Since its inception in 2009, Jonathan Miller's production of La bohème has been back to ENO most seasons. It's a straightforward staging that we've described as "unfussy" and "refreshing" and, not unreasonably given that La bohème is a masterpiece, it has the ability to create an utterly magical evening of opera. This year's revival, directed by Natascha Metherell, had plenty of the good things that characterise the work and the production, but fell short of achieving the real magic.

Musically, there was little to complain about. Gianluca Marcianò conducted solidly, brisk and shapely for most of the time, while still allowing the music (and the singers) plenty of space to breathe. Balance with the singers was generally good, and Marcianò's rendering allowed the famous melodies to come through clearly.

This is a young cast of singers. Angel Blue, who earned acclaim as Musetta in last year's revival, switched the high heels and strutting to the girl-next-door sweetness of Mimì. She has the technique required for this gentler role – warmth in the low register, solid intonation, good, smooth phrasing, although there are moments where her voice can go harsh on the high notes, which she seems to smooth out at the expense of diction. David Butt Philip has been singing smaller roles at Covent Garden under the Jette Parker programme: role-wise, this is a big step up for him for which he looked ready: he has a big, open voice and also showed good command of the sweeping phrasing that this music demands. George van Bergen also looked ready for his own step up, from Schaunard last year to Marcello this year.

And yet, in spite of there being nothing really wrong musically, for the first two acts, the performance failed to grab me. This is mainly down to the acting: La bohème is the archetype of a verismo opera, which means that for it to work, you have to believe – and I didn't. The  horseplay between the four friends at the beginning had something missing, and while the crucial scene of Rodolfo and Mimì falling in love had vocal sparkle, it didn't have sexual chemistry: body language and stage movement were just a little restrained and uncertain. Once my eyes weren't being glued to the protagonists, they were drawn to the sets and lighting, which seemed simpler and greyer than when I've seen this production before. Since I doubt that this is actually the case, I put the effect down to this: an uncomplicated, down to earth set serves this opera well by not distracting one from the principal roles – but it demands true magnetism in those roles. The Café Momus scene with its crowd outside followed the same pattern as Act I: the music was sharply delineated and singing was fine, yet the drama didn't quite come through.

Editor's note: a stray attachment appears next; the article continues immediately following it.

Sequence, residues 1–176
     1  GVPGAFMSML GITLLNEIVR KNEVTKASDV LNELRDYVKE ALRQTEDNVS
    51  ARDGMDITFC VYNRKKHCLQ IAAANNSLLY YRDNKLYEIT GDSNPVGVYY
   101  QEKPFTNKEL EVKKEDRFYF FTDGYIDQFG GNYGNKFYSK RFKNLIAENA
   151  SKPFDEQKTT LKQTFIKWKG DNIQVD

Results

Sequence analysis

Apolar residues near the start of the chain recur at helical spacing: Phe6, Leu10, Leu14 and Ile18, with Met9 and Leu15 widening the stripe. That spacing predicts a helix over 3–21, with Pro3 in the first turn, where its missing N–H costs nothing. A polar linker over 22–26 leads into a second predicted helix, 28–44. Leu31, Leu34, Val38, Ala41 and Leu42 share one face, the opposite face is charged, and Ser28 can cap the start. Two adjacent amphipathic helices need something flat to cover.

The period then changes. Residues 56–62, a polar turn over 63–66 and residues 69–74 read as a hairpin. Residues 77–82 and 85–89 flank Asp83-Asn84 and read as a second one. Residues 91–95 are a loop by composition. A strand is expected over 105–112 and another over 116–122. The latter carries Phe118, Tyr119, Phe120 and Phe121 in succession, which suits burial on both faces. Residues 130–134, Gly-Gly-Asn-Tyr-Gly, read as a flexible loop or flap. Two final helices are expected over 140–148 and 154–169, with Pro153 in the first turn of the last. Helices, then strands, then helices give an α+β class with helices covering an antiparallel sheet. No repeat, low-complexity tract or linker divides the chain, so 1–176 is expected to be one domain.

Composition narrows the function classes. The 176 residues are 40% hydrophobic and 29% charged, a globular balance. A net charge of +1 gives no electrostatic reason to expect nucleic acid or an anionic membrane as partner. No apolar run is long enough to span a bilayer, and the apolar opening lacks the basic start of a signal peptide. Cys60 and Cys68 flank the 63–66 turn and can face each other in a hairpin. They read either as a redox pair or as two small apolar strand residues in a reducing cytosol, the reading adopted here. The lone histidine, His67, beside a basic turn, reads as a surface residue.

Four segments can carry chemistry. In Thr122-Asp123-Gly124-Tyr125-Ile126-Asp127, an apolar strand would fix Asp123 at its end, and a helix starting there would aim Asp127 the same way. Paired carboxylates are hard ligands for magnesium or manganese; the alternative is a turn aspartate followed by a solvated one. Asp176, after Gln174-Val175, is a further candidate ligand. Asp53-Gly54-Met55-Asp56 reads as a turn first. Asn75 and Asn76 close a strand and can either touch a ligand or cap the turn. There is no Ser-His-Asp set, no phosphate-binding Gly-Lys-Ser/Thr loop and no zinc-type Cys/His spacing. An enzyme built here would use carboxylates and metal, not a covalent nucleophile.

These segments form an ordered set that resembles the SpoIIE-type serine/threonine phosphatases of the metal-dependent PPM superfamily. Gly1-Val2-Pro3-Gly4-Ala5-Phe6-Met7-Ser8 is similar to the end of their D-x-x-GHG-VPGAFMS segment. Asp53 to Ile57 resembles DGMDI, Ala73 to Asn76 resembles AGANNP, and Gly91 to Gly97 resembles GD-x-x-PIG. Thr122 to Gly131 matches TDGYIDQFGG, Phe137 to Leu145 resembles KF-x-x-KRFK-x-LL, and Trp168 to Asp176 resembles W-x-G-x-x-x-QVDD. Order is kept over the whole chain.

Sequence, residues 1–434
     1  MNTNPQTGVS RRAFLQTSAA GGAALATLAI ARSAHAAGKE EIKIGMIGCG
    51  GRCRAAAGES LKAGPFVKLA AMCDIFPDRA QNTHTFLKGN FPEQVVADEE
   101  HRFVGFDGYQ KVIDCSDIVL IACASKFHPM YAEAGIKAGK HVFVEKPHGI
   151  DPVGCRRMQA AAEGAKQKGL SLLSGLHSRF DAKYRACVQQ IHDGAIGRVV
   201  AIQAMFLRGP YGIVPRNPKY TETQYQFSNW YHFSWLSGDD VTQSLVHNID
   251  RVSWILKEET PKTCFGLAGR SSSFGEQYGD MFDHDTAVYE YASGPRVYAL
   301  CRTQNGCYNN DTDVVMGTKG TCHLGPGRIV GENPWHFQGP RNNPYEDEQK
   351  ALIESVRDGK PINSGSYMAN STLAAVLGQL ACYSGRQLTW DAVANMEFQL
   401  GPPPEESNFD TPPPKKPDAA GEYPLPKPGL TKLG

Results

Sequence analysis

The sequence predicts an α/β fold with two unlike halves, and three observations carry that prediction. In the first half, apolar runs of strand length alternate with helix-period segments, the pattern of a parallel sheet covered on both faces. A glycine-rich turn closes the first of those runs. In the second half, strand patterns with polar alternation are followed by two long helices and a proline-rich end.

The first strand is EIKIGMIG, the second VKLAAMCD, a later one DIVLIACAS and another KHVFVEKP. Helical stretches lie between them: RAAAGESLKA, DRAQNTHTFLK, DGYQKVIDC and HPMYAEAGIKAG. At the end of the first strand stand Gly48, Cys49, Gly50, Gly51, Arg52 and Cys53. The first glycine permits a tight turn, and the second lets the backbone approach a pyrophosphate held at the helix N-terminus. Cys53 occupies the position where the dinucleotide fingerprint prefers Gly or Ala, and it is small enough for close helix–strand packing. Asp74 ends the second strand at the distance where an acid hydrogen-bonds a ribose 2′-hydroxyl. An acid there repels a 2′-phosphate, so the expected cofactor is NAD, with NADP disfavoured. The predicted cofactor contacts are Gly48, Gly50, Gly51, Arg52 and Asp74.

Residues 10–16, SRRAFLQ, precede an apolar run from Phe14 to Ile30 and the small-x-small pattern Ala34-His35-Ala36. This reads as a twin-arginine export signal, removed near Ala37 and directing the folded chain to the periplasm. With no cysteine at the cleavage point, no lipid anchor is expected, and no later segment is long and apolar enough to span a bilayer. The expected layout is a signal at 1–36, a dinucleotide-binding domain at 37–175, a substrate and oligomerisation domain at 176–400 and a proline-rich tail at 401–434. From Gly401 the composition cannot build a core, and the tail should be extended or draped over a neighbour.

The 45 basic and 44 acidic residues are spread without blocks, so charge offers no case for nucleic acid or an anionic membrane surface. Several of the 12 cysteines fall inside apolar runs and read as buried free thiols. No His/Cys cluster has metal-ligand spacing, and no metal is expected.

Things improved in Act III, as the soaring melodies and raw emotion in the music took over. Butt Philip's acting was at its best in the reconciliation scene with Mimì, with the relationship between van Bergen's Marcello and Jennifer Holloway's Musetta beginning to warm up properly. In Act IV, Butt Philip was a strangely resigned Rodolfo, accepting and helpless in the face of Mimì's fate rather than raging against it – a realistic portrayal, perhaps, rather than the more usual melodrama.

These are young stars: I hope that the acting performances will click as the run progresses. This was a thoroughly competent performance, but this production and this opera are capable of much more.